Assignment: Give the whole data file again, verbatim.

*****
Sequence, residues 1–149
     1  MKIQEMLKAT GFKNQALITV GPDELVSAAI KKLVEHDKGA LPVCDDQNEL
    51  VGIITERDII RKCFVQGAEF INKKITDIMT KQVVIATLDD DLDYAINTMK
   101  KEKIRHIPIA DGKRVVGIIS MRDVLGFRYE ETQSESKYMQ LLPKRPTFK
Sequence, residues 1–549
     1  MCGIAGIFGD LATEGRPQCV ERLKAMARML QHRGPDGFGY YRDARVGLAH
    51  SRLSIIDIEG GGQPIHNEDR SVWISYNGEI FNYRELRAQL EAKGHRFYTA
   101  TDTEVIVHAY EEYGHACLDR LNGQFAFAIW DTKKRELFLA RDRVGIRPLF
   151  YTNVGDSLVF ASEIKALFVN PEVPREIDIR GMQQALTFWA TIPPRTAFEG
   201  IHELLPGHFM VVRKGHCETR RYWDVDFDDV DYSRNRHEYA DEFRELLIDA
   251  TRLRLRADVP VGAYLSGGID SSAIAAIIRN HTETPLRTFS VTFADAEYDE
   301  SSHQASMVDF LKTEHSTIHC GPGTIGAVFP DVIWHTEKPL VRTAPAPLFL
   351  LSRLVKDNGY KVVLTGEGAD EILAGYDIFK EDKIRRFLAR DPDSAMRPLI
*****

Sequence, residues 1–149
     1  MKIQEMLKAT GFKNQALITV GPDELVSAAI KKLVEHDKGA LPVCDDQNEL
    51  VGIITERDII RKCFVQGAEF INKKITDIMT KQVVIATLDD DLDYAINTMK
   101  KEKIRHIPIA DGKRVVGIIS MRDVLGFRYE ETQSESKYMQ LLPKRPTFK
Sequence, residues 1–549
     1  MCGIAGIFGD LATEGRPQCV ERLKAMARML QHRGPDGFGY YRDARVGLAH
    51  SRLSIIDIEG GGQPIHNEDR SVWISYNGEI FNYRELRAQL EAKGHRFYTA
   101  TDTEVIVHAY EEYGHACLDR LNGQFAFAIW DTKKRELFLA RDRVGIRPLF
   151  YTNVGDSLVF ASEIKALFVN PEVPREIDIR GMQQALTFWA TIPPRTAFEG
   201  IHELLPGHFM VVRKGHCETR RYWDVDFDDV DYSRNRHEYA DEFRELLIDA
   251  TRLRLRADVP VGAYLSGGID SSAIAAIIRN HTETPLRTFS VTFADAEYDE
   301  SSHQASMVDF LKTEHSTIHC GPGTIGAVFP DVIWHTEKPL VRTAPAPLFL
   351  LSRLVKDNGY KVVLTGEGAD EILAGYDIFK EDKIRRFLAR DPDSAMRPLI